Steiner Center New Mexico

Dedicated to
furthering the work of
Rudolf Steiner



The New Mexico Branch of the Anthroposophical Society is dedicated to furthering the work of Rudolf Steiner. Through education, community building, and support of local initiatives, we strive to enliven the spiritual, moral, artistic and cultural life of humanity.

Anthroposophy is a discipline of research as well as a path of knowledge, service, personal growth, and social engagement. Introduced and developed by Rudolf Steiner, it is concerned with all aspects of human life, spirit and humanity’s future evolution and well-being.

The Anthroposophical Society in America is a non-sectarian, non-political organization open to everyone regardless of religion, race, nationality, social standing, scientific or artistic conviction. It was founded as “an association of people who would foster the life of the soul, both in the individual and in human society, on the basis of a true knowledge of the spiritual world.”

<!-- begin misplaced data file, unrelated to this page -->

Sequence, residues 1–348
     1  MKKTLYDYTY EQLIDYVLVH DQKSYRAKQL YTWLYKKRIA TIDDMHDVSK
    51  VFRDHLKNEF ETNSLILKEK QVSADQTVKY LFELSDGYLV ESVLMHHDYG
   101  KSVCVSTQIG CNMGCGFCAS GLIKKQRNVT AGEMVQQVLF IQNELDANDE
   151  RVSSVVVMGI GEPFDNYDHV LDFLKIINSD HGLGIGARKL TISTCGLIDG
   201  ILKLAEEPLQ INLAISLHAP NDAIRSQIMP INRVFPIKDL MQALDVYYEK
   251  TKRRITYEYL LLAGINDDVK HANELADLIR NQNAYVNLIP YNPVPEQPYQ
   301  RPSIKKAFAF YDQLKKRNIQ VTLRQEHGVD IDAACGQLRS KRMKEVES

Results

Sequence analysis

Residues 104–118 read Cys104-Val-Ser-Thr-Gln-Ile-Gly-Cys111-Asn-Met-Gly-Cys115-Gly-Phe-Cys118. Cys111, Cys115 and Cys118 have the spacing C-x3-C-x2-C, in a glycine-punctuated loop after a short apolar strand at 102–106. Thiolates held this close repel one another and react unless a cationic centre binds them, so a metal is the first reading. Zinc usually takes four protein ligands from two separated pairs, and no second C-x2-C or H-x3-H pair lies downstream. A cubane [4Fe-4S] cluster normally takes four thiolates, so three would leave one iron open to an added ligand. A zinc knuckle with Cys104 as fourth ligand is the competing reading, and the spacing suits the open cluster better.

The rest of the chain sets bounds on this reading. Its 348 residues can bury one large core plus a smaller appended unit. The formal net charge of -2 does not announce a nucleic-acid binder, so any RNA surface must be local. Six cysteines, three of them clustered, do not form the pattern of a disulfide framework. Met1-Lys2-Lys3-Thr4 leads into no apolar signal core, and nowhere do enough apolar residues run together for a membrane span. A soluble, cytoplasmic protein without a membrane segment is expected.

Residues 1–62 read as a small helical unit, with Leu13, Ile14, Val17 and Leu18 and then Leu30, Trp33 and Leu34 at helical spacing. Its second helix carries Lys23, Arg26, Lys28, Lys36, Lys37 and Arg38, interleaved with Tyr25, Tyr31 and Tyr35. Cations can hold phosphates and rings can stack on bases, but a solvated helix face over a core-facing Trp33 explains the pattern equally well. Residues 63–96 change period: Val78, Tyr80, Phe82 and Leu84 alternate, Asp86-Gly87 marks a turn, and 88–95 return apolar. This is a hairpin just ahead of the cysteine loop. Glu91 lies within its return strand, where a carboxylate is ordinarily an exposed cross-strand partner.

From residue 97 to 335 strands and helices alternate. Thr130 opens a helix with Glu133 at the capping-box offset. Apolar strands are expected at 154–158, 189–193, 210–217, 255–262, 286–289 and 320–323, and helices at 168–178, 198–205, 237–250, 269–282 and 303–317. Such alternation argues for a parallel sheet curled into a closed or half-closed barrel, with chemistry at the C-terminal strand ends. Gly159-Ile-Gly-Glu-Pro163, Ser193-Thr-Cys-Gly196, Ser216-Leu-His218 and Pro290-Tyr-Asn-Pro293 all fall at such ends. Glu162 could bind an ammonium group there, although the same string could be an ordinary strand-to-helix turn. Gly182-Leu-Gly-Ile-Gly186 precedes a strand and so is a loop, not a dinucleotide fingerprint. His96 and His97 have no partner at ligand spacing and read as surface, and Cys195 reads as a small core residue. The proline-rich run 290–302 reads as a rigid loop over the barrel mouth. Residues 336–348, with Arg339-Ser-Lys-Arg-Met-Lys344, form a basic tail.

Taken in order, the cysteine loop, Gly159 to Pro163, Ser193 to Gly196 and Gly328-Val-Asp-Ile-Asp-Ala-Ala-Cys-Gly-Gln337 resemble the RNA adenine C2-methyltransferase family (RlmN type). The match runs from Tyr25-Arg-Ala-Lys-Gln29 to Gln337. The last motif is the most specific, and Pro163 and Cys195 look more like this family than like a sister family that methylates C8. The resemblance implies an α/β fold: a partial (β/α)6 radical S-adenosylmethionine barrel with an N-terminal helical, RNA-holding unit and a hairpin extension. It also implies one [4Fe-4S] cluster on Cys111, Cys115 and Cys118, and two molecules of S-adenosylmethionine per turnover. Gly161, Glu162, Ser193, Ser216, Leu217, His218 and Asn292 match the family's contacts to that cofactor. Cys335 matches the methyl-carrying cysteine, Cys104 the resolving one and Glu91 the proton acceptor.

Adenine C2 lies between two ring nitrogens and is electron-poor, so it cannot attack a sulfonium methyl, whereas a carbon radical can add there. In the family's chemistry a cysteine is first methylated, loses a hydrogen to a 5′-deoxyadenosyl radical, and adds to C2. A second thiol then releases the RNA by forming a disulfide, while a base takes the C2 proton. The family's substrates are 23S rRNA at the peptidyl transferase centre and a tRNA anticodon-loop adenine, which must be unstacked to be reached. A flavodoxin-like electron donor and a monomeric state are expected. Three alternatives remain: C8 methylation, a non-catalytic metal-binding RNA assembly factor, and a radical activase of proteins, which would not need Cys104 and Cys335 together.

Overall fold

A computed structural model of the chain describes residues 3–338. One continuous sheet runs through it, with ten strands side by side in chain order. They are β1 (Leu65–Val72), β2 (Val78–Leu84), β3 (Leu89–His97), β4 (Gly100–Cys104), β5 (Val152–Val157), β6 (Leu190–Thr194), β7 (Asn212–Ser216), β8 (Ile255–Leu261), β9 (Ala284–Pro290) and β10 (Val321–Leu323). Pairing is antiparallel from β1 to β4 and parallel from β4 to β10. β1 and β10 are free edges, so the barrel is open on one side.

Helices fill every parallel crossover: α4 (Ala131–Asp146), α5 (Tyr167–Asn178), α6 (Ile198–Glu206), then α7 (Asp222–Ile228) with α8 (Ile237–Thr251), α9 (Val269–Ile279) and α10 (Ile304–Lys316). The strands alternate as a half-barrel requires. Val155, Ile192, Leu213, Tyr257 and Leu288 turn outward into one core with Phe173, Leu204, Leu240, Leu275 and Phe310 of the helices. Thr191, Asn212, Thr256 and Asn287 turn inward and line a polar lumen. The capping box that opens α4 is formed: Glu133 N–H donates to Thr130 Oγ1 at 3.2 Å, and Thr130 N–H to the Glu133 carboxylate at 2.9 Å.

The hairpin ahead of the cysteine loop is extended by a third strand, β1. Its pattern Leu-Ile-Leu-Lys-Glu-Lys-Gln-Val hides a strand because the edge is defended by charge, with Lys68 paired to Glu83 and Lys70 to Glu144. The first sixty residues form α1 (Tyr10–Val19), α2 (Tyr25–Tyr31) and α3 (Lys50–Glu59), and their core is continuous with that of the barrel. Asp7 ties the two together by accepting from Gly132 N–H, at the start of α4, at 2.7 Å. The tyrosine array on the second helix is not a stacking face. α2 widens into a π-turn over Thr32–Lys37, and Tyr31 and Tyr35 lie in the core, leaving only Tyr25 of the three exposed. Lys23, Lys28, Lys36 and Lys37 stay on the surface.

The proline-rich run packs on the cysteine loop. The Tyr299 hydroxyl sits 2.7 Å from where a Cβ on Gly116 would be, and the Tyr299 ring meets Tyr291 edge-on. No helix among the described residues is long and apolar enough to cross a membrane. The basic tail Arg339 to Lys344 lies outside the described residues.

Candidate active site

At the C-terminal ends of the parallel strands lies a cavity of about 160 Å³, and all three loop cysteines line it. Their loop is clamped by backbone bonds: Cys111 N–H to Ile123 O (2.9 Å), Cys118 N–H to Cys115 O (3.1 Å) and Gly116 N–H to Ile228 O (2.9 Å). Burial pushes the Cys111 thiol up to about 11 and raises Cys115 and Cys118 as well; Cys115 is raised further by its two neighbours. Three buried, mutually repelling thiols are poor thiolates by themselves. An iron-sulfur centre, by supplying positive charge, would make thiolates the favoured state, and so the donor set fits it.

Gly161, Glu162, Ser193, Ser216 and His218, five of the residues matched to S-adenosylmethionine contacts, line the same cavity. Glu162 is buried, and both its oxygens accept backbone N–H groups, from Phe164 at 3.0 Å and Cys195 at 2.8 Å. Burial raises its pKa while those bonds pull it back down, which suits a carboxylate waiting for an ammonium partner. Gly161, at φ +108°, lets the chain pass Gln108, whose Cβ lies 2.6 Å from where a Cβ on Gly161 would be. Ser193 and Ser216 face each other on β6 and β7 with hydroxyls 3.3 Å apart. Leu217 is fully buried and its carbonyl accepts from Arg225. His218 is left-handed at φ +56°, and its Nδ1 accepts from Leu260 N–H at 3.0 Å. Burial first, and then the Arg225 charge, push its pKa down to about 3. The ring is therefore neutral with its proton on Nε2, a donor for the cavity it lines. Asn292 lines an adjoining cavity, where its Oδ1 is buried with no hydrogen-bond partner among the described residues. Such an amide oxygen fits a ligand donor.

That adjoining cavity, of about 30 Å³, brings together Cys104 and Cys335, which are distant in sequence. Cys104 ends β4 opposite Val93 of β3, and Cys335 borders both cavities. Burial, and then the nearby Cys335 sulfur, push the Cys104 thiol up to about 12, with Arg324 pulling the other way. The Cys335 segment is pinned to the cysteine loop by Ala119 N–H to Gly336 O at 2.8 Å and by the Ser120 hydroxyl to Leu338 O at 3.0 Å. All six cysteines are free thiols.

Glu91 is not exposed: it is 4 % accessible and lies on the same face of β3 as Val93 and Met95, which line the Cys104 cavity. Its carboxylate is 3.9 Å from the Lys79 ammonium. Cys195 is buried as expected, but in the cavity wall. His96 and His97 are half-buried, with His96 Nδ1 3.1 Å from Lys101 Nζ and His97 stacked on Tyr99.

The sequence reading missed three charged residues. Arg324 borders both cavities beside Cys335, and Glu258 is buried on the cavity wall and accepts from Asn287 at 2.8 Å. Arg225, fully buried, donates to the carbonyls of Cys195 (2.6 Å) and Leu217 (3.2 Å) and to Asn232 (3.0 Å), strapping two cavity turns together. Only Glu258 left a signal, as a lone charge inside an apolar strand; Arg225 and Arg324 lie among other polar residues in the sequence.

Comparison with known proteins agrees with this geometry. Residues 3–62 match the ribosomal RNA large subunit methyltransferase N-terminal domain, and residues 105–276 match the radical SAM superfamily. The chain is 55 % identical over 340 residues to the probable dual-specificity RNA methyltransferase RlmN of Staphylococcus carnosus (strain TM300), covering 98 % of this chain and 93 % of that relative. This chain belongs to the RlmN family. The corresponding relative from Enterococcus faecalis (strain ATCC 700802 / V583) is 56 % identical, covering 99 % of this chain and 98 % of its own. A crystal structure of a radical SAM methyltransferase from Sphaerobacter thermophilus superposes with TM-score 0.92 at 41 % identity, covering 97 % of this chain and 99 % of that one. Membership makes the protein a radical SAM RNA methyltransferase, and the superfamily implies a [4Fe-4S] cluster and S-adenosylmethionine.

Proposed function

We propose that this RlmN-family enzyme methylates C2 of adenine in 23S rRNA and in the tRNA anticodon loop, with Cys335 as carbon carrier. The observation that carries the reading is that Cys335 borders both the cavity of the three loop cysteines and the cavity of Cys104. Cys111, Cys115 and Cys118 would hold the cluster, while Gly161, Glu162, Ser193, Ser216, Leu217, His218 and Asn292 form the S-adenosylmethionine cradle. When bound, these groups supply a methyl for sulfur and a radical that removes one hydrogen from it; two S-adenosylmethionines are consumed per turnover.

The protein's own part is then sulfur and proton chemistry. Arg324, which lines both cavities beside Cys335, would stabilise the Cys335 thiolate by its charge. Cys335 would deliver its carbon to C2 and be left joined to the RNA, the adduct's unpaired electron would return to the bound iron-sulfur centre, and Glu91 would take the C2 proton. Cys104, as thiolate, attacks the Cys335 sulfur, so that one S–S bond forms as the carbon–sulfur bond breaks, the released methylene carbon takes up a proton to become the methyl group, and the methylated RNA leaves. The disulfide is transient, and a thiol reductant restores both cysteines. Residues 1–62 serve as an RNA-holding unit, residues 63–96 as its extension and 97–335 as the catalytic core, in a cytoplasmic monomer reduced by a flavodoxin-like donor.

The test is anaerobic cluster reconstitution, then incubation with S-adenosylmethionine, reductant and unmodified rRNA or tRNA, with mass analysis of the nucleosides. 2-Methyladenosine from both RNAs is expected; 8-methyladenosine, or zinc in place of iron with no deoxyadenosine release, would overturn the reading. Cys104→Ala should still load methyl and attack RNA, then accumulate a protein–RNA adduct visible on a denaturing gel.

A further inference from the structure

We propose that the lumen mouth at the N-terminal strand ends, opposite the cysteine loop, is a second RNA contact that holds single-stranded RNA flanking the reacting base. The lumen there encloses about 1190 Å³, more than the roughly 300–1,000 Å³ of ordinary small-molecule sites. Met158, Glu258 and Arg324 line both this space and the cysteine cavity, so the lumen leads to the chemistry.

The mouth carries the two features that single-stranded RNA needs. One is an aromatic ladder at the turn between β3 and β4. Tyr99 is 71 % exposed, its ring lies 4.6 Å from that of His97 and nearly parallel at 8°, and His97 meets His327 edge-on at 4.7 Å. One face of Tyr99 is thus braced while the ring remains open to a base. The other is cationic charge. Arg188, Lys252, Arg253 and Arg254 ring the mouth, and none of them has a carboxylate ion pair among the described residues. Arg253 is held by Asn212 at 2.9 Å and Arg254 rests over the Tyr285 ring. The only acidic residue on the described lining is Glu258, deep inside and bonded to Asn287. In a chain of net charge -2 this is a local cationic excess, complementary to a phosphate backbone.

“Anthroposophy is a path of knowledge to guide the Spiritual in the human being to the Spiritual in the Universe.”

Rudolf Steiner



Anthroposophy arrived in North America in the early 1920’s; first in New York, followed by California and gradually moving to Chicago, Illinois and the Midwest. The seed for Anthroposophy in New Mexico seems to have been planted in 1935. At that time several members from the General Anthroposophical Society in Dornach, Switzerland made a cross country trip of the United States. One member traveled via train to the West Coast and on the return to Chicago stopped off in Albuquerque, NM. In northern New Mexico, he gave a talk on Anthroposophy to an audience of hundreds. This event seems to have been organized by the artist group from Taos.

During the 1960’s, the seed that was planted in the New Mexican soil was picked up by three pioneers who arrived with an interest in Anthroposophy. Their study groups became the foundation for Anthroposophy in the area. Over the years, visiting leaders from the Anthroposophical Society added to their work. Then in the 1980’s, individuals founded the Santa Fe Waldorf School. A High School was added in the early 2000’s.

In 1991, the members in New Mexico requested and received formal recognition from the Anthroposophical Society in America. In the late 1990’s, the Sangre de Cristo group came together to study the “Spiritual Significance of Los Alamos.” Presently, the group is focusing on the importance of Anthroposophy.